Learning to Work in Space: Buzz Aldrin and Gemini XII

Buzz Aldrin will be remembered as one of the first two humans to walk on the Moon during Project Apollo. In the eyes of the public, this achievement eclipsed his significant contributions to the previous Gemini project. Two key goals of this program, which launched 10 crews of two astronauts in 1965 and 1966, were to perfect rendezvous and docking and to learn how to work outside the spacecraft. Both were essential to Project Apollo’s moon landing objectives. Aldrin, an Air Force pilot who completed a doctorate in orbital rendezvous theory before becoming an astronaut in 1963, played a pivotal role in pioneering techniques for encountering another spacecraft. More accidentally, he also became the first astronaut to demonstrate just how much useful work could be done during a zero-gravity spacewalk. On Gemini XII, the program’s newest flight, he showed that with proper handholds, footholds and rest periods, anything useful can be done. This success came after astronauts on the previous three missions had problems completing their tasks, in two cases becoming dangerously overheated and exhausted. Demonstrating that someone could work in a spacesuit was the only thing that needed to be accomplished before Gemini ended.

Aldrin’s presence on XII was the product of a tragic accident. In early 1966, the first crew of Gemini IX was killed in a crash of their T-38 jet. Their replacements, Thomas Stafford and Eugene Cernan, took over the mission. Their new backup team became James Lovell and Edwin E. Aldrin Jr. (Buzz officially adopted his nickname as a legal name in 1988). Lovell and Aldrin had originally been named Gemini X’s replacements, which, in the usual rotation after three missions, would have made them XIII’s crew – except there was no XIII. The program was limited to 12 flights. As Aldrin was well aware, he would not have flown into Gemini had it not been for the loss of his compatriots. And if he hadn’t, it was unlikely that he would have been part of the main crew of an early Apollo mission, and therefore would not have taken part in the first lunar landing.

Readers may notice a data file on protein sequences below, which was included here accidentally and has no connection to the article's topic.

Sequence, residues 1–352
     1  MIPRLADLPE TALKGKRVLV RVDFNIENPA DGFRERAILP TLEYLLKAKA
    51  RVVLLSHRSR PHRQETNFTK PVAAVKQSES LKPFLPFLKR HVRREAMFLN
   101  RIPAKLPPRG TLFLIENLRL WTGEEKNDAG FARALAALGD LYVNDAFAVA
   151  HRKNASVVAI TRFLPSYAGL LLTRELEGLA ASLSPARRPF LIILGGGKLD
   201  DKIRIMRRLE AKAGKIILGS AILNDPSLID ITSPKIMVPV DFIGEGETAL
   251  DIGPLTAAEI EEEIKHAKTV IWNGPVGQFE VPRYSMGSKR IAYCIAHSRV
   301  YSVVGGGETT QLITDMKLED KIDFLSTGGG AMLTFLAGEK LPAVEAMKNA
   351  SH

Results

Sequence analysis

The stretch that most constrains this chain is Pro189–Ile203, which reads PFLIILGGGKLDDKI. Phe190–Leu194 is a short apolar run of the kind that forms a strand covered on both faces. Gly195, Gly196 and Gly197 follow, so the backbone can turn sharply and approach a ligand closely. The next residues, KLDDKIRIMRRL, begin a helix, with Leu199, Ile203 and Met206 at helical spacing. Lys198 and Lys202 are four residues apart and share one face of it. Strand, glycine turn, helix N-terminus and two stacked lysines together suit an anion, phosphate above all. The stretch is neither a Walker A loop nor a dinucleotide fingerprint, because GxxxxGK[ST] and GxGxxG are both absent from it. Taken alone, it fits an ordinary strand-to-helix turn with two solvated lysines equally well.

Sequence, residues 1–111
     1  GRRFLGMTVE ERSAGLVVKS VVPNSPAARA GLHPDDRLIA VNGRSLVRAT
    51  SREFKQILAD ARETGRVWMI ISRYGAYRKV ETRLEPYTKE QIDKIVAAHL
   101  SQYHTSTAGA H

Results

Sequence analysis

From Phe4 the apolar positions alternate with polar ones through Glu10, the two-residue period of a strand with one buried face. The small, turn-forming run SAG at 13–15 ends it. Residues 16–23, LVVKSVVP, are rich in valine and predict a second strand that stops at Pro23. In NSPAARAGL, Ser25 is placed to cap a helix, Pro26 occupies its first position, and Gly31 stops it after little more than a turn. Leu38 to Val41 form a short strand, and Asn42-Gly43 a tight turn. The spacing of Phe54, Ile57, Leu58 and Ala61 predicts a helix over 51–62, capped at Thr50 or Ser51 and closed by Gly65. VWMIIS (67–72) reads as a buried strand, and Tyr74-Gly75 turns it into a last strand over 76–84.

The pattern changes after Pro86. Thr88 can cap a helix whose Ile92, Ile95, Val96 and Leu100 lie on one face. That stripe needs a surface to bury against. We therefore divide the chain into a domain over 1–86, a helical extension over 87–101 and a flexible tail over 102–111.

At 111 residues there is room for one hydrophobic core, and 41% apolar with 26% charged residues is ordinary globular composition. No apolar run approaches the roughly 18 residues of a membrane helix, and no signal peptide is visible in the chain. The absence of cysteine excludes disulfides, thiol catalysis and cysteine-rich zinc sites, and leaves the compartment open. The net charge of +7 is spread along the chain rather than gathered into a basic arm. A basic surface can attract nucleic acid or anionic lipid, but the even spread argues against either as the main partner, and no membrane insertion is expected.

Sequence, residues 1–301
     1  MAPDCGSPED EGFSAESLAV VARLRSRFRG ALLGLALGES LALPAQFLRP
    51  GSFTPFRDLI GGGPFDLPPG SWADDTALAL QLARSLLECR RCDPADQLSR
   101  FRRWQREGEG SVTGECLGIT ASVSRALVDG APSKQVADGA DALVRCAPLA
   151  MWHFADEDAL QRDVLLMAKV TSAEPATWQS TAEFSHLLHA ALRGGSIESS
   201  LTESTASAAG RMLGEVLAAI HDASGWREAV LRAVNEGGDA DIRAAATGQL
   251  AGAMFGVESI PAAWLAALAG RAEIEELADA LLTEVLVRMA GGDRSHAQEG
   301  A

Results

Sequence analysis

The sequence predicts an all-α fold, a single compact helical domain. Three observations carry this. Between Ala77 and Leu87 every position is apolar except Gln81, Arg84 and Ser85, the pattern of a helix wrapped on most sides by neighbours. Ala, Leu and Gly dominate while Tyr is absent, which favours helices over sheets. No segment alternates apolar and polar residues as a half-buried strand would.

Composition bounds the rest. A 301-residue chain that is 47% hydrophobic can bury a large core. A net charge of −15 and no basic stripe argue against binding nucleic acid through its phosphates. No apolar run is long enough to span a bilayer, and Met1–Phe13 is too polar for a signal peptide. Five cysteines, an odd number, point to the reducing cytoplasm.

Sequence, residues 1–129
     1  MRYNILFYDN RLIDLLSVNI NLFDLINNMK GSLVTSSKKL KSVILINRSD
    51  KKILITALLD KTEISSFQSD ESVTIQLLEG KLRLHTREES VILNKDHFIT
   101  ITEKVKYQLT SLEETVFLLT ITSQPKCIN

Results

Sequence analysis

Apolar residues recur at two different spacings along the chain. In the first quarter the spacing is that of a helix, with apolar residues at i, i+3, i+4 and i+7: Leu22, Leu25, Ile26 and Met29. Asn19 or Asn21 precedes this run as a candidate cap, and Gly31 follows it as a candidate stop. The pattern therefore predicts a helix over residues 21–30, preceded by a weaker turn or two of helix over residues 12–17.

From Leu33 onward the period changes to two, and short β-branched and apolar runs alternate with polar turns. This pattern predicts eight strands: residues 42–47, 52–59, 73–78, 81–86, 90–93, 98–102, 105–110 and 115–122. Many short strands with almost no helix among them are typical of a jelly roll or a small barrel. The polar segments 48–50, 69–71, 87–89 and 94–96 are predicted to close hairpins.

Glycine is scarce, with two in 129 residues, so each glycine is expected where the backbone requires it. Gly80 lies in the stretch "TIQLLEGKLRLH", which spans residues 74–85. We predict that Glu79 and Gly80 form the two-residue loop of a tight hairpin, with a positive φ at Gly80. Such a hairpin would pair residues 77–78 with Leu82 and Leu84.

Astronauts Jim Lovell and Buzz Aldrin, prime crew of Gemini XII. (NASA)

Being Gene Cernan’s replacement on Gemini IX, and therefore potentially occupying the right seat on XII, put Buzz Aldrin in the middle of training for extravehicular activity (EVA) – NASA jargon for spacewalking. space. Cernan had an ambitious goal on IX: float on the back of the Gemini spacecraft and strap on a US Air Force jetpack called the Astronaut Maneuvering Unit (AMU) and fly. But when he was finally able to take that walk on June 5, 1966, it was a disaster. Cernan discovered that the laws of physics in weightlessness were catching up with him. Without proper grips or toeholds, he struggled trying to do a real job. In addition, the Gemini spacesuit, which only cooled the body through circulating oxygen, was overwhelmed. Cernan’s visor fogged up from his sweating and he was forced to make an emergency return to the cabin.

Cernan’s failed EVA forced NASA’s Houston Center to deal with his inadequate spacewalking experience and training. The only previous EVA, that of Edward White on Gemini IV in June 1965, involved little real work and was fun. Gemini VIII’s emergency landing in March 1966 prevented David Scott from taking his EVA, which would have demonstrated that the spacewalk was in fact difficult. As I’ve written elsewhere, the main response came from a small contract for the NASA Langley Research Center. Environmental Research Associates, a small company run by two partners, was experimenting with underwater training in a school swimming pool outside Baltimore. Cernan went there in July and tried to put an AMU model into a Gemini adapter mockup. He was relieved to find that floating in “neutral buoyancy” demonstrated that many of his problems working in weightlessness were created by the medium and his inadequate equipment, as some wondered if the failure was just his fault.